Single oral doses of surotomycin (500 mg, 1000 mg, 2000 mg, or 4000 mg) were well tolerated, with all AEs reported as mild to moderate in severity. The most commonly reported AE in the SAD group was diarrhea, but this was not dose-dependent. Differences in AEs reported between the surotomycin cohorts and the placebo cohort may have been due to differences in the ages of subjects in the two groups (mean age ± standard deviation: surotomycin, 42.9 ± 16.89 and placebo, 28.3 ± 13.25), consistent with the observation that older populations have increased susceptibility to gastrointestinal complications of comorbid disease . Multiple oral doses of surotomycin (250 mg, 500 mg, 1000 mg BID) were also well tolerated in healthy adult volunteers, with all AEs reported as mild to moderate in severity and no AEs reported as being related to the study drug.
In summary, single (500 mg, 1000 mg, 2000 mg, 4000 mg) and multiple doses (250 mg, 500 mg, 1000 mg BID) of the novel lipopeptide antibiotic surotomycin demonstrated minimal systemic exposure, with the feces being the primary route of elimination following oral administration. These results are consistent with those observed with similar compounds, such as fidaxomicin. Results of these phase 1 studies support the continued clinical development of surotomycin for the treatment of CDAD. In addition to defining the efficacy profile of surotomycin against CDAD, currently being addressed in phase 3 trials, additional studies will determine the in vivo effects of surotomycin on intestinal microbiota.
Area under the concentration-time curve
Body mass index
Clostridium difficile-associated diarrhea
Maximum plasma concentration
Liquid chromatography-tandem mass spectrometry
Lower limit of quantification
Multiple ascending oral dose
Minimum inhibitory concentration
Single ascending oral dose
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The authors wish to acknowledge Dan Rigotti and Cara Hunsberger from StemScientific, an Ashfield Company, part of UDG Healthcare plc, for providing writing and editorial support, funded by Merck & Co., Inc., Kenilworth, NJ, USA.
This study was funded by Merck & Co., Inc., Kenilworth, NJ, USA.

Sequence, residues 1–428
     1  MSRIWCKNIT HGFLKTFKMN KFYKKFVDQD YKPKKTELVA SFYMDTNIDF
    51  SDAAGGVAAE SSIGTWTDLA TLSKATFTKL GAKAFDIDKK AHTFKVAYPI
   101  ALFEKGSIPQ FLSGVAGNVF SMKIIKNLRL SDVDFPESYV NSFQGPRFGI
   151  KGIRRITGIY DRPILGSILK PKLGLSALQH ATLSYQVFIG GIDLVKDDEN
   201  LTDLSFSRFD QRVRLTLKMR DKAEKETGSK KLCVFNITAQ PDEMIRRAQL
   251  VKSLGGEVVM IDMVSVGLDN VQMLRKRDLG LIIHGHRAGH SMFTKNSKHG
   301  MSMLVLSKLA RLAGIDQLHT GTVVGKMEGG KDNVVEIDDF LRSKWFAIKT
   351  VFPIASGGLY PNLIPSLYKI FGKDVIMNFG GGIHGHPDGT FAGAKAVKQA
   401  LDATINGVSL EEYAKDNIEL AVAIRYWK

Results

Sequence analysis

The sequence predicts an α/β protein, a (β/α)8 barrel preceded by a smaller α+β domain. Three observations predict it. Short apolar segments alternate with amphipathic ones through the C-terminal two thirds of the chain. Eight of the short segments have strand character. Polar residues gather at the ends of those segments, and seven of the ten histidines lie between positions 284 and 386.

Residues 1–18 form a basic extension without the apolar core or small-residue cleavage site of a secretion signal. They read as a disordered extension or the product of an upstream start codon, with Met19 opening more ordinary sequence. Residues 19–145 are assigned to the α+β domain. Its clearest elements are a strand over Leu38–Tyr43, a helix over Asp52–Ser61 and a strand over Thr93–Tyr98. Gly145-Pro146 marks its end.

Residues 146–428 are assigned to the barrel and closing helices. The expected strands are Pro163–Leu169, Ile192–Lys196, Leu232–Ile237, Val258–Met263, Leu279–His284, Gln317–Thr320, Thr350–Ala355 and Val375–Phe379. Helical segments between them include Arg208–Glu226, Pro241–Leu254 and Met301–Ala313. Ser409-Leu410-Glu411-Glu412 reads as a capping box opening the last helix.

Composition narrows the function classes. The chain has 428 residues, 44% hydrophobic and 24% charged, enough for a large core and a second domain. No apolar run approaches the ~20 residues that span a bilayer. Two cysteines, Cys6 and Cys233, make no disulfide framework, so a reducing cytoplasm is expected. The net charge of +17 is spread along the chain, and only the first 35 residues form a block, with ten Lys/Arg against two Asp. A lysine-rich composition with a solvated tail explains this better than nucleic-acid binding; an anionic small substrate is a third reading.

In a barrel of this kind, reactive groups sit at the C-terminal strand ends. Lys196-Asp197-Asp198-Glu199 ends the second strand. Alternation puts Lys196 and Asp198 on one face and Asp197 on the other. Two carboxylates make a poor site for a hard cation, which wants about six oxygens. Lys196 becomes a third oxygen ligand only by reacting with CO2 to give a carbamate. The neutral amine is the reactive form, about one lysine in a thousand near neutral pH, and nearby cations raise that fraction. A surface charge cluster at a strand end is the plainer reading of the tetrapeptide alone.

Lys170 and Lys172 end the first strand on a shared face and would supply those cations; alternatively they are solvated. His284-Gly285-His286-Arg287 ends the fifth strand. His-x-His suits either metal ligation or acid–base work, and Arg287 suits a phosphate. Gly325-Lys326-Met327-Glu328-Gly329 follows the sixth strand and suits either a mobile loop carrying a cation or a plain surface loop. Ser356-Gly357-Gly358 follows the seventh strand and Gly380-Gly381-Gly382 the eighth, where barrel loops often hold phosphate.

Availability of data and materials
Qualified researchers with appropriate competencies, engaged in rigorous, independent scientific research, can submit a data request for patient-level data or a full CSR. Information regarding how a data request proposal may be submitted may be found at http://engagezone.merck.com/.
GC substantially contributed to conception, design, or planning of the study, as well as acquisition and analysis of data and interpretation of the results. QZ substantially contributed to acquisition of data. JD substantially contributed to acquisition of data. SR substantially contributed to conception, design, or planning of the study, as well as analysis of data and interpretation of the results. HP substantially contributed to acquisition and analysis of data and interpretation of the results. All authors reviewed the manuscript, provided critical feedback, and approved its journal submission.
All authors were employees and stock holders of Merck & Co., Inc., Kenilworth, NJ, USA at the time of the study. This study was funded by Merck & Co., Inc., Kenilworth, NJ, USA.
Consent for publication
Ethics approval and consent to participate
Written informed consent was obtained from all participants, and the protocols were approved by the institutional review board of the study site (West Coast Clinical Trials, LLC, Cypress, CA, USA). Studies were conducted in accordance with the ethical principles originating from the Declaration of Helsinki and its amendments, consistent with Good Clinical Practices and local regulatory requirements.
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Chandorkar, G., Zhan, Q., Donovan, J. et al. Pharmacokinetics of surotomycin from phase 1 single and multiple ascending dose studies in healthy volunteers.
BMC Pharmacol Toxicol18, 24 (2017). https://doi.org/10.1186/s40360-017-0123-z